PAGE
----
PHOTO: Jessica and Lon Binder/Flickr
May 26, 2016

Purple sweet potatoes are poised to become as popular as kale at trendy restaurants and farmers markets, even in northern climates where they’re more challenging to grow. Purple sweet potatoes are high in antioxidants, and their creamy texture makes delicious fried sweet potato chips. Purple varieties aren’t as sweet as other colors, but they sure are beautiful and tasty. If you want to try your hand at growing these colorful veggies, here’s how.

Consider Your Climate

Purple sweet potatoes are grown in the same manner as more traditional sweet potato varieties. They require about 100 to 120 days to mature, which is why sweet potatoes produce so well in the long, hot summers of the southern U.S. In northern gardening zones, you’ll need to start your purple sweet potato crop by warming the soil for a few weeks before planting.

To warm the soil, cover the planting rows with a layer of black or clear plastic (more later on how to create good planting rows). Tuck the edges of the plastic into the soil or pin them down with rocks, bricks, or landscape pins. The plastic should be in place for two to four weeks before planting.

Pick the Variety

There are several different varieties of purple sweet potatoes available from sources such as Baker Creek Heirloom Seeds, Sand Hill Preservation, Duck Creek Farms, and Southern Exposure Seed Exchange. Look for popular cultivars such as ‘Purple Passion’, ‘Molokai Purple’, ‘All Purple’, ‘Purple Delight’ and ‘Purple Knight’.

Create The Planting Rows

Jessica Walliser
Jessica Walliser

Like other types, purple sweet potatoes are best planted in hilled rows. Build 10-inch-high, berm-shaped rows by mounding the soil up, after it’s been tilled and amended with compost or well-aged manure. Pick a site that receives full sun and is well-drained. Sweet potatoes prefer a slightly acidic soil pH—somewhere between 5.5 and 6.5 is best, as it’s less inviting to the soil-borne pathogens that sometimes attack sweet potatoes.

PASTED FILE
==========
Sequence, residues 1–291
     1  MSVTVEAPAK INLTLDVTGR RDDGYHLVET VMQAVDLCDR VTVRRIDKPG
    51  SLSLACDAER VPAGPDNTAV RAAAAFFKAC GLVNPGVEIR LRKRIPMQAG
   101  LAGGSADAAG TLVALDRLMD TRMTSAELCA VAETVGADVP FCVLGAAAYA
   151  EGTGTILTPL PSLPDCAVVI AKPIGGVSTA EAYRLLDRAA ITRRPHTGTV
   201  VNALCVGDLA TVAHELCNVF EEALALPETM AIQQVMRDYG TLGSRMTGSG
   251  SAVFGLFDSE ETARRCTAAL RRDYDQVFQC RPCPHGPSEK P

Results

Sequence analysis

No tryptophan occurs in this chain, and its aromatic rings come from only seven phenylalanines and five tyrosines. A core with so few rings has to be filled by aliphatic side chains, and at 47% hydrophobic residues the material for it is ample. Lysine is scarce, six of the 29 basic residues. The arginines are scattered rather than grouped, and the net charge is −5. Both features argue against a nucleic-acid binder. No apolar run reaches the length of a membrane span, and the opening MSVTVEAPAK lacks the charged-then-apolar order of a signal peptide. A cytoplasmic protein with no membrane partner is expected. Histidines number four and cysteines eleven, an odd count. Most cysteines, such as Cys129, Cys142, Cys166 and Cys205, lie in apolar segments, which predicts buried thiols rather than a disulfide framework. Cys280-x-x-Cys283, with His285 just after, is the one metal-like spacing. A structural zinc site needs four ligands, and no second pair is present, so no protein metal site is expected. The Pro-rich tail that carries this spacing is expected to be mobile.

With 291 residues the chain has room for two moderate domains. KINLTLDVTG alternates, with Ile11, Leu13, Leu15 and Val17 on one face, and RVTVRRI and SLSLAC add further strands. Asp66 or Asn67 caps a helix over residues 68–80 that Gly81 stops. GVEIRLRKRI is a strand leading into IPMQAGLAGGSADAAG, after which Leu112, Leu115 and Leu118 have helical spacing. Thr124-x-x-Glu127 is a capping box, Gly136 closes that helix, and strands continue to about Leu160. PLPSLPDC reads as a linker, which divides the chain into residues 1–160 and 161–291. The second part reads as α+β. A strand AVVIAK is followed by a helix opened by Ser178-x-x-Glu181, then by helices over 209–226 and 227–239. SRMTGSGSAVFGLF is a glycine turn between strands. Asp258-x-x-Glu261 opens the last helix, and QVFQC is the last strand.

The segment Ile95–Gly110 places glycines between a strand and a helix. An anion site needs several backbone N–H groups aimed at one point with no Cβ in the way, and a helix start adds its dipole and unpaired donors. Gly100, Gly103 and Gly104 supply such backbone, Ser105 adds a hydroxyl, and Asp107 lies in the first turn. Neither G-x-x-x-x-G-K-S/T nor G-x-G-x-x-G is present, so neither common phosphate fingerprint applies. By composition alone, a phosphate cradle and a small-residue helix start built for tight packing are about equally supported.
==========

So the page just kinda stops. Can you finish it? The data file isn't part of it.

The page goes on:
Plant The Slips

Sweet potatoes are typically grown from rooted slips, and purple varieties are no different. Slips are simply rooted stem cuttings of sweet potato vines, usually about 4 or 5 inches in length. Before planting, soak the roots of the slips in water for a few hours.

Space sweet potato slips about 12 inches apart in a row on top of the planting berm. To plant in gardens where warming plastic is in place, cut a hole through the plastic and plant the slip through the hole. If you’d like, you can mulch newly planted slips with straw, untreated grass clippings or shredded leaves, but if you’re using the plastic, there’s no need to add extra mulch.

Do not plant purple sweet potatoes until well after the danger of frost has passed. This crop is intolerant to even light frosts.

Purple Sweet Potato Maintenance

Once they’re settled into their new home, purple sweet potato vines will grow fairly quickly. There’s not much to do in terms of maintenance other than to keep the deer out of the potato patch (sweet potato vines are one of their favorites) and make sure the vines receive about 1 inch of water per week.

Do not add nitrogen-rich fertilizer to sweet potatoes, as it encourages excessive vine growth at the expense of tuber production.

Harvesting Purple Sweet Potatoes

Although you can harvest the occasional tuber anytime after the plants come into flower, plan to harvest your main sweet potato crop just before the first frost strikes. In warm climates, the vines will begin to yellow and die back, but in the north, this may not happen in time for the arrival of fall’s cold weather. Once the temperatures drop down into the 50s at night, it’s time to start checking your tubers.

To harvest, use a pitchfork or digging fork to lift the tubers out of the soil. Because the sweet potatoes can form a good distance from the plant, work from the outer edges of the berm in toward the center.

Curing Purple Sweet Potatoes

Much like all sweet potato varieties, purple types need to be cured before long-term storage. Brush off excess soil with your fingers, but do not wash or rinse the harvested tubers. Damaged tubers should be eaten immediately, but the rest can be placed in a single layer in a warm (80 to 85 degrees F), well-ventilated, humid room out of direct sun for eight to 10 days. Curing reduces shrinkage, prolongs storage and results in a sweeter flavor due to the conversion of starches to sugars.

Once the skins have cured, store your purple sweet potatoes in wooden or plastic crates at about 55 degrees F with 85 percent relative humidity.



Next Up